Sitka Gear Ascent Pant & Core Lightweight Hoody Review

By Josh Boyd, Rokslide Prostaff

The early weeks of the 2017 elk season were profusely hot, dry, and smoky with wildfires burning out of control across most of elk country. Most of my backcountry hunts consisted of long hours spent sweating under a loaded backpack. But despite the daytime heat, my predawn trek into the backcountry is usually followed by a rapid cool-down, either while shivering in the predawn darkness to glass a distant ridgeline or waiting motionless in the shadows for a reluctant bull to commit.

During these hunts, I needed to be able to regulate my body temperature at high output times and wick moisture to stay dry and warm during inactive periods. They were the ideal settings to test Sitka’s Ascent Pant and Lightweight Core Hoody in the new Subalpine Pattern, or what I’ve labeled my early season “action suit”.

It’s a versatile clothing system that allows a hunter to hike hard and sweat when necessary then dry quickly to help retain heat when motionless. For early season hunts, I utilize a base layer top as an outer garment for my upper body and lightweight pants for my lower body. The action suit is not complete without a windproof layer, a mid-layer, and an insulating layer such as a puffy jacket and pants for inactive periods. The focus of this review is a base layer top and a lightweight pant.

Photo by Jordan Gill


Completely redesigned in 2017, the Ascent Pant is the lightest big game pant in Sitka’s lineup. The size 34R I wear weighs 11.5 ounces without knee pads. The fabric is a thin four-way stretch Cordura nylon blend that is very quick to dry and incredibly durable considering its thickness. There are pockets for knee pads, but I didn’t use them in these pants. During my many weeks of spring bear, elk, and mule deer hunting, I managed to rip one small hole in the calf area of the pant. It was a substantial jab that surely would’ve torn other fabrics, as the sharp limb punctured my skin too.

Photo By Jordan Gill

With the fabric being constructed of nylon, I expected a slight sheen in bright sunlight, but I was pleasantly surprised to find a very matte finish due to the textured face of the fabric. Out of the box, the noise of the fabric was similar to most other pants with similar fabric, and I noticed it quieted considerably after a little wear and a washing.

The sizing of these pants is spot on and the fit is trim but not overdone, meaning guys with thighs will fit in them. The four-way stretch combined with the articulated knees, gusseted crotch, and flat waist belt add up to unbelievable comfort. The pockets are mesh lined and unobtrusive. The two side cargo pockets are zippered for securing items and are flat, so they don’t grab brush on the way by. Overall I found the Ascent pant to be durable, lightweight, quick drying, extremely comfortable.  They make for the perfect early season pant and can work into mid-seasons that are warm.  The complete technical specifications can be read here: Sitka Ascent Pant

Photo By Jordan Gill


The Core Lightweight Hoody is the foundation of my early season action suit.  I rely upon it to wick moisture in times of high output, conceal me from the eyes of hyper-alert animals, and provide a little insulation when I am inactive for short stretches.  The fabric is a polyester spandex knit with four-way stretch and a thin micro-grid backing which pulls moisture off your skin more effectively. The size medium I wear weighs 7 ounces.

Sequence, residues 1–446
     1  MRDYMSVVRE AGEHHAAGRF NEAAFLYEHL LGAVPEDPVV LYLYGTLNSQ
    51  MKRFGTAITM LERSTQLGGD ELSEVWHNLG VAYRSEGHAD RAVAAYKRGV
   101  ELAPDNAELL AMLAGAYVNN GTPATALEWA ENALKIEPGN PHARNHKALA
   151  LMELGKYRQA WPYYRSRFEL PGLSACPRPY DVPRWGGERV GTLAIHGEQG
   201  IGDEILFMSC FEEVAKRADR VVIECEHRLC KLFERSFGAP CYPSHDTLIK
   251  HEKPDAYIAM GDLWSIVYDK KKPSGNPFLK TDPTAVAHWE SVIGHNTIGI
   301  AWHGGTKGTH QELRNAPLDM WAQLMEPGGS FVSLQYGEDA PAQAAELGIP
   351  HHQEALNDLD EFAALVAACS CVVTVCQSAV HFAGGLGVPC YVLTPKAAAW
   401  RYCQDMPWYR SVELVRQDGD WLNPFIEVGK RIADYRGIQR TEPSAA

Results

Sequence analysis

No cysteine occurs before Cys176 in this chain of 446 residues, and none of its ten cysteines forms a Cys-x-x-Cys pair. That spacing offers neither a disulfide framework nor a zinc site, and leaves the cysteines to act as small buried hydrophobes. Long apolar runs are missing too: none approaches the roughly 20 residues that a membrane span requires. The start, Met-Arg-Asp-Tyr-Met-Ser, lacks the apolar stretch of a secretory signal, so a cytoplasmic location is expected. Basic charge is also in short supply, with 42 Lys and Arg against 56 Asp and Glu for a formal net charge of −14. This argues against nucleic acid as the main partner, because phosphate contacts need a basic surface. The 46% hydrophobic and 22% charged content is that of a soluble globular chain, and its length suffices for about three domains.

This garment has a low-profile hood with a built-in face mask. The hood is useful in keeping your neck and ears protected in cold or windy weather. The facemask, attached to the hood, is easy to quickly pull over your head when needed. The top zips up the front, which is useful for dumping heat in high exertion activities. The fabric is treated with Polygiene, a functional odor control agent I’ve found to be effective over several days in the backcountry. The Hoody is also durable considering the thickness of the fabric. Over the season I made no snags, tears, or punctures in the top. The Core Lightweight Hoody is fast drying, lightweight, and durable. The fit is trim, but not tight, and sizing is correct. It is a great base layer and a great addition to an early season layering system. The complete technical specifications can be read here: Sitka CORE Lightweight Hoody

Photo By Jordan Gill

These two pieces are extremely functional from a technical standpoint and they are perfect to build upon with other layers to round out a system. They also blend into the early season environments better than anything else on the market thanks to the Subalpine pattern. The rest of my early season system shares the same pattern and if you would like to ask me about the other pieces I carry in the backcountry or discuss this article, hit me up in the forums here.

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Josh Boyd
Josh is a lifelong DIY backcountry hunter who enjoys the challenge of rugged and wild country. Preferring minimal equipment and support, his appetite for adventure has led to successful hunts of elk, mule deer, mountain goat, moose, antelope, black bear, and whitetails. As a freelance writer, Josh’s adventures have been documented in popular print media such Bowhunter Magazine, Bow & Arrow Hunting, Extreme Elk Magazine, and Eastmans' Bowhunting Journal as well as multiple articles on over 200 days spent in the field every year in the mountains of Western Montana hunting, skiing, hiking, biking, and working, Josh is continually investigating and pushing the limits of the equipment. Josh works with the U.S. Forest Service specializing in watershed restoration, hydrologic data collection, and snowpack information, putting him in the backcountry in a variety of conditions throughout the year.